Divorcing Well

Divorcing Well

Bringing Buddhist Practice to Divorce Counseling

By Ashley Davis Prend

May/June 2008

Divorcing well? Divorcing peacefully? Is such a thing even possible? Let's face it, divorce often generates mutual recrimination and fury, which can lead to ugly, expensive court battles, particularly when children are involved. During a divorce, both partners can become their own evil twins, more intent on inflicting punishment on each other than on ending their tattered marriage.

As counselors and family therapists, we want to spare our clients all this pain by preserving and improving their marriages. But when the marriage obviously can't be saved, many therapists focus on helping the partners achieve what's widely called a "good divorce": a split as humane, rational, and nondamaging as possible.

Increasingly, therapists recognize that even after a marriage ends, most couples continue to be linked together. While the death of a marriage is undoubtedly painful, it doesn't have to be pathological. If handled well, it can even become a rich opportunity for emotional and spiritual growth.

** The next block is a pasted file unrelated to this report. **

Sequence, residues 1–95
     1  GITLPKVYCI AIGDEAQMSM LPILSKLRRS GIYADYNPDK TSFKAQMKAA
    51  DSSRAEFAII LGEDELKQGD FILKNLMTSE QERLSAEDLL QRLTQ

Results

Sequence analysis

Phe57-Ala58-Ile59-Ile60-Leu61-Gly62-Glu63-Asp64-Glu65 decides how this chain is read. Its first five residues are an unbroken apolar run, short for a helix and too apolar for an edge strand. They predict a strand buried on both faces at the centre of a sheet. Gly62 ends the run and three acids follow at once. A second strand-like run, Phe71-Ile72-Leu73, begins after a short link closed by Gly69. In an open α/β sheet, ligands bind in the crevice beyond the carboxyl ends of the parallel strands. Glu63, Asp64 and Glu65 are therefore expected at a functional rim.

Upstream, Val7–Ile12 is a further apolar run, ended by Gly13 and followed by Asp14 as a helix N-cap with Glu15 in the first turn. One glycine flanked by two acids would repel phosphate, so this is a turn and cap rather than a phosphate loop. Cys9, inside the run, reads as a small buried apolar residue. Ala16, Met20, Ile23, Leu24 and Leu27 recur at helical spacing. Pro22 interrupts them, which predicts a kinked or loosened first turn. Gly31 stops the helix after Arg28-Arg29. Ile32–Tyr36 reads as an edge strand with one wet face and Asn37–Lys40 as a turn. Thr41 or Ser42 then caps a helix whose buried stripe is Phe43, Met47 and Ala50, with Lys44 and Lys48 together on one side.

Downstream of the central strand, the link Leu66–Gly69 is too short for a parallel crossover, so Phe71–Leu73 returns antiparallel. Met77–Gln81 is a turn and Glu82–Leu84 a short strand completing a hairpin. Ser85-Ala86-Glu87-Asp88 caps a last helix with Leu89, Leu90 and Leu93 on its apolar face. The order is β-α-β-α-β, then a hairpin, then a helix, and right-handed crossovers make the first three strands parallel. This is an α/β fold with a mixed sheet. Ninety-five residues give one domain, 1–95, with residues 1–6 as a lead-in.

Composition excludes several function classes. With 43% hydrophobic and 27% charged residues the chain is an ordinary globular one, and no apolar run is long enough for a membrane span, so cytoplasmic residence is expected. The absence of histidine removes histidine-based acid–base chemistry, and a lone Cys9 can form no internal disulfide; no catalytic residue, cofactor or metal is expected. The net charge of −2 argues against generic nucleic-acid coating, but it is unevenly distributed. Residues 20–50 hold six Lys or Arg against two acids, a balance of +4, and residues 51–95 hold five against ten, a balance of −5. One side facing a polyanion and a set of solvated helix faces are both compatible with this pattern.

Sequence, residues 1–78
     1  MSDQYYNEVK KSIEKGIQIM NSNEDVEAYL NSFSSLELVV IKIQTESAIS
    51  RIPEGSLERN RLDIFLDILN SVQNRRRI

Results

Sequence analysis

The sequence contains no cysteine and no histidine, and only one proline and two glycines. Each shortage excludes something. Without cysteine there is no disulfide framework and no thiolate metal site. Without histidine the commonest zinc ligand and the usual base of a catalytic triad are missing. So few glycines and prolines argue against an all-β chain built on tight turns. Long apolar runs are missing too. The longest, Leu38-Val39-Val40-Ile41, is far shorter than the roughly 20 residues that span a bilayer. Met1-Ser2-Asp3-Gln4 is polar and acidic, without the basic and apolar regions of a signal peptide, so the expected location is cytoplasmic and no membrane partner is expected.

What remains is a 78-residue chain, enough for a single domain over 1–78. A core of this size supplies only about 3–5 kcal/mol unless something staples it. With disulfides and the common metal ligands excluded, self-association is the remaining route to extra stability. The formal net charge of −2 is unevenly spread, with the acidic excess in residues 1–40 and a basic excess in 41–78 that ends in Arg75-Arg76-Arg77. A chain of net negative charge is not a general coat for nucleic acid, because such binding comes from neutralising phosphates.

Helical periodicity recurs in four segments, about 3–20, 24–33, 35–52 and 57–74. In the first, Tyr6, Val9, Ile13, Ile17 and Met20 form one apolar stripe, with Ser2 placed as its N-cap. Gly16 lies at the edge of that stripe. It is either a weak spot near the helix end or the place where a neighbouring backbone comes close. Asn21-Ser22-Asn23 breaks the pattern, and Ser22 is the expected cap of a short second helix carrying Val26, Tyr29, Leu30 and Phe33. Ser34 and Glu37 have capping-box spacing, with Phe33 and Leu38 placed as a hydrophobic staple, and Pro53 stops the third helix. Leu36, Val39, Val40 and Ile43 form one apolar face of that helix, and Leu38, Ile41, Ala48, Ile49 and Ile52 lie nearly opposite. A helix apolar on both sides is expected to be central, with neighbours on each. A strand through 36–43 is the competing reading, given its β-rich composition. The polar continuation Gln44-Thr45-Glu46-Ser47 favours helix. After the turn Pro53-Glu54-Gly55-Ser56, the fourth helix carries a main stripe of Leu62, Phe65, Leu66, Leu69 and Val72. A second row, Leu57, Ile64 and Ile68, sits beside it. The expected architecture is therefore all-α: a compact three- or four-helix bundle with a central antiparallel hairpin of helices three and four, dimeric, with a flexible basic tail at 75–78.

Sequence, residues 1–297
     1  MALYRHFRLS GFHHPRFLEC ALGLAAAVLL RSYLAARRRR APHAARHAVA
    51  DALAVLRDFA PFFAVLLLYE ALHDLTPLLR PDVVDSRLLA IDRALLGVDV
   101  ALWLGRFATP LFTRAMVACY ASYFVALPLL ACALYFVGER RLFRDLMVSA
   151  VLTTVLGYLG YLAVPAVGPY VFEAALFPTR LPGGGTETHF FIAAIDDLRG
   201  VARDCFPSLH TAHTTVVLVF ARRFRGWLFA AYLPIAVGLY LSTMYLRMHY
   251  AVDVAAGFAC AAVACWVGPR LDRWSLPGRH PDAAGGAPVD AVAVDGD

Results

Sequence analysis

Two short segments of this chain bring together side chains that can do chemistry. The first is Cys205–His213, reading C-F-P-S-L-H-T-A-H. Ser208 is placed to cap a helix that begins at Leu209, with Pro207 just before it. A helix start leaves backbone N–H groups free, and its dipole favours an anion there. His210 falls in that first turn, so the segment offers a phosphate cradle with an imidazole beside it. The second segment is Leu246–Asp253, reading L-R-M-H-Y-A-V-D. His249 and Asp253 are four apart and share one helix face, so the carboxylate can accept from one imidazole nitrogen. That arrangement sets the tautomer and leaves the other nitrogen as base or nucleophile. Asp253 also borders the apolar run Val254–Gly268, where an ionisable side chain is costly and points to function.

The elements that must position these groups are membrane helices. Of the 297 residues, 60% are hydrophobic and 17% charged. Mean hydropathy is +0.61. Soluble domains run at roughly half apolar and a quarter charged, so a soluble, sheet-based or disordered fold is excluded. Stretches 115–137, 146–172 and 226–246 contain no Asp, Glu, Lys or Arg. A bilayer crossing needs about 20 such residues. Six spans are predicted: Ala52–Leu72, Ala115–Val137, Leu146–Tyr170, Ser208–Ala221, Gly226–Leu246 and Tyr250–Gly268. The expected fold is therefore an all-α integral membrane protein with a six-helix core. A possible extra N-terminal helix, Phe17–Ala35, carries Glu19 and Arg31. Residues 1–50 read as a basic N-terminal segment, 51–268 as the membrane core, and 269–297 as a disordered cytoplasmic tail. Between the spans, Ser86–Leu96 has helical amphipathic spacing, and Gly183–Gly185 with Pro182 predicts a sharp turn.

Yet, to a couple neck deep in the kind of reciprocal fury that only two people who once loved each other deeply can feel, the idea that their divorce could be an opportunity for transformation is as crazy as it is undesirable.

Is there any way to stop the antagonism? Beyond helping these self-declared enemies shed their feelings of anger and vengeance, is it possible to encourage them to be more openhearted and kindly toward each other? I've drawn six ¬≠simple,…

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